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Bay Weekly Spotlight on Business: Second Wind Consignments

Success on the rebound

Second Wind consigner Teri Leisersohn and employees Beth Rogers and Peggy L'Hommedieu.

In 2008, she knew the winds were changing, so she started writing a business plan. In April of 2009, after 25 years with Annapolis Lighting, her position was cut.
    The nation was entrenched in the worst economy since the Great Depression, but Teri Leisersohn took her plan — and a huge leap of faith — and started her own business.
    Leisersohn had an early start working with her sisters and brothers in the family business, a Catalina yacht dealership. As a teenager, she answered phones, quoted prices and learned to follow through on promises. She also credits her former bosses at Annapolis Lighting, Preston and Carlotta Clark for teaching her good business practices, money management and customer service.
    Now, she was putting all those influences to work for her.
    As a new owner, Leisersohn had to weigh the cost of each purchase. Spending $1,000 for an exterior sign was a huge expenditure she wanted to avoid. But she realized it also identified her and brought people in. Up went a sign reading Second Wind Consignments, Home Furnishings and Marine Accessories.    
    “The inventory that I had in the store on day one was very thin,” Leisersohn remembers. At an auction, she bought “just enough inventory for the space to give people the idea of what I was trying to do.”
    An informational website and fliers at local stores and restaurants alerted potential consigners to clean out their attics and garages. Friends and relations pitched in, visiting auctions and yard sales to maintain inventory during slow periods. Especially helpful was best friend Holly Miles.
    “Holly drove down from Annapolis several times a week to help me with merchandising and to help keep me focused,” Leisersohn remembers.
    Advertising in Bay Weekly helped to get the word out as well.    
    In 2009, the nation was discovering a new economy. After generations of buying the biggest, the best and the most expensive, folks were seeking “the gently used,” “the second hand” and “the budget conscious.”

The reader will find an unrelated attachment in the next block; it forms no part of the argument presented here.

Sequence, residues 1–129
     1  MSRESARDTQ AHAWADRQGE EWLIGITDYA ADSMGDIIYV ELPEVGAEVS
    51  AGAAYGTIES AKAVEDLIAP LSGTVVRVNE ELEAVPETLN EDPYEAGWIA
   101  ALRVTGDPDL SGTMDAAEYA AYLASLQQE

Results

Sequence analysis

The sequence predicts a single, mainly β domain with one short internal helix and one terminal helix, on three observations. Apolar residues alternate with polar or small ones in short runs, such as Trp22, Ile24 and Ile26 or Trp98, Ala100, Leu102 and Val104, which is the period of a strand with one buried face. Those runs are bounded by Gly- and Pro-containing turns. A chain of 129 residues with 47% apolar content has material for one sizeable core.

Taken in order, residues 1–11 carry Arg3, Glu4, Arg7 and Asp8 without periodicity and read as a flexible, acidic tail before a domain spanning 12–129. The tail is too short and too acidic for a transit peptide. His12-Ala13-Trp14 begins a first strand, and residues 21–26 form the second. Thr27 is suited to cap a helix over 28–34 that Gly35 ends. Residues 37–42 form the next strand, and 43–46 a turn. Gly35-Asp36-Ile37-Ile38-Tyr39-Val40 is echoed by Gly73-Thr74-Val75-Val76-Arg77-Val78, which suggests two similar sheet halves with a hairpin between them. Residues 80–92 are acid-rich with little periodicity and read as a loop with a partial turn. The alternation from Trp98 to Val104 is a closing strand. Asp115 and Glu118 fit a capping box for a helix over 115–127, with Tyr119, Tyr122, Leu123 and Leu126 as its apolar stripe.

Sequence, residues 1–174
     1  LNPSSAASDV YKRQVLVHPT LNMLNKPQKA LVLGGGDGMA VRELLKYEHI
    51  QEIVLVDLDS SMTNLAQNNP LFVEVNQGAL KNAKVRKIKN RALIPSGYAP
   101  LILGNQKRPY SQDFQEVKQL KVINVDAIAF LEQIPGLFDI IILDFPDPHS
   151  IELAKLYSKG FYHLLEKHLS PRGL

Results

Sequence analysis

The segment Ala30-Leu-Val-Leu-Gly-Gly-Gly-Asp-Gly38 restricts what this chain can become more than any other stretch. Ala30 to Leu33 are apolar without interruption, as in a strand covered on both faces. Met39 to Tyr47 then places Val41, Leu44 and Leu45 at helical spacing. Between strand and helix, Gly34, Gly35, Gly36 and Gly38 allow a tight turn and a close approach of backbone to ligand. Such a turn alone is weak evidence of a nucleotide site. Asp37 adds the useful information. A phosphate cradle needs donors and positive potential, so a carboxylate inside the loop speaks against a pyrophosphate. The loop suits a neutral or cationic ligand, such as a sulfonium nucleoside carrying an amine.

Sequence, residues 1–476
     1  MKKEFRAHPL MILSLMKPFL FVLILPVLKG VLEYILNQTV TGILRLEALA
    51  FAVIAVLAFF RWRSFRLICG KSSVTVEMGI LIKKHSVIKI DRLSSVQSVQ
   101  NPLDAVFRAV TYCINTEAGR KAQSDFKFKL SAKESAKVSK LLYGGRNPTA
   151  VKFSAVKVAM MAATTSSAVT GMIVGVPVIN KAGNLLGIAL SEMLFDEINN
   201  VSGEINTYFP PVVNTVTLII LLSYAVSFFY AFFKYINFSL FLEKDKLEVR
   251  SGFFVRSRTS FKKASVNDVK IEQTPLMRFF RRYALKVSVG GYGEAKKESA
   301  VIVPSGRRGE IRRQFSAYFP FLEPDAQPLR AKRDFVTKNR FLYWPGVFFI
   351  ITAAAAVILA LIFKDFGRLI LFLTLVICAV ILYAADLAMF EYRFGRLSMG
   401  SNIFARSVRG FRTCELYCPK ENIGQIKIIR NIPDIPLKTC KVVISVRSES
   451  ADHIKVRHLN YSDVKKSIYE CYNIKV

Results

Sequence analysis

“The store took on a life of its own,” Leisersohn says.
    Second Wind gathered all kinds of things: marine paraphernalia; old tools, to bring the men in; dishes from china to pottery, kitchen wares for every task, some you’ve never imagined; furniture you’d be proud to bring home; and all kinds of stuff you never knew you needed till you saw it. Second Wind was full of stuff, yet it all looked good. More like a boutique than a second-hand shop.
    After only a year, Leisersohn outgrew her first shop, moving to a bigger space on the corner of the little strip center in Deale. Friends, family, consigners and customers helped her move on Sunday and Monday, when the store would normally be closed.  She was open for business on Tuesday morning without missing a beat.
    Of course what you want today will be gone tomorrow. That’s an incentive to buy and a condition for doing business in a shop like this, where turnaround is the key to success. Managing a constantly moving inventory coming in out of the blue took a powerful software system. One of Leisersohn’s first investments was an upgraded accounting system for her inventory, sales and pay out.
    More than six years later, with 2,000 consigners now on her books, that accounting system has been upgraded more than once.
    Just as important as a good accounting system was the reputation for integrity Leisersohn was building. Consigners have to feel safe in leaving their merchandise and trust that there’ll be a check in the mail when the items sell.
    Leisersohn takes that responsibility to heart. She prides herself in running a business that contributes to her consigners’ income.
    “I’ve never been late in paying. Every month I go to the post office with a box of 200 checks in envelopes and say, it’s payday.”
    Second Wind has four and a half stars on Facebook reviews and four stars on Yelp.
    Many odd and unusual items pass through Second Wind Consignments: alligator skulls, kayaks, even cast-iron kitchen sinks. Consigners may not know the value of their items. A small painting in for consignment was not, Leisersohn realized, a replica. She recommended that the owner contact an Annapolis gallery for appraisal. That advice earned her consigner an appraisal — and sale — of $2,000.
    Second Wind has many male customers who go right to her man corner, where she displays old tools and such. (Women, she notes, shop there, too.) When she is told she needs more inventory, she says “Go home, clean out your garage and bring it in.”
    When items fail to sell, consigners may not want the merchandise returned. Those items go in Second Wind’s twice-a-year Charity Sale, with proceeds donated to local non-profits including South County Assistance Food Bank at St. James Parish and Energy Assistance at St Vincent de Paul at Our Lady of Perpetual Health. The next Charity Sale runs from July 23 to 30.
    Leisersohn did what so many of us only dream about. She found the courage to step into a dark arena. The unknown. She put everything on the line — her money, hopes, dreams, future, heart and soul.
    “We’ve made it work,” she says.
    And when you visit, ask about the purple chair.


Second Wind Consignments: Deale; 410-867-0480. http://secondwindindeale.blogspot.com.  Check ­Facebook every Friday for photos of new inventory.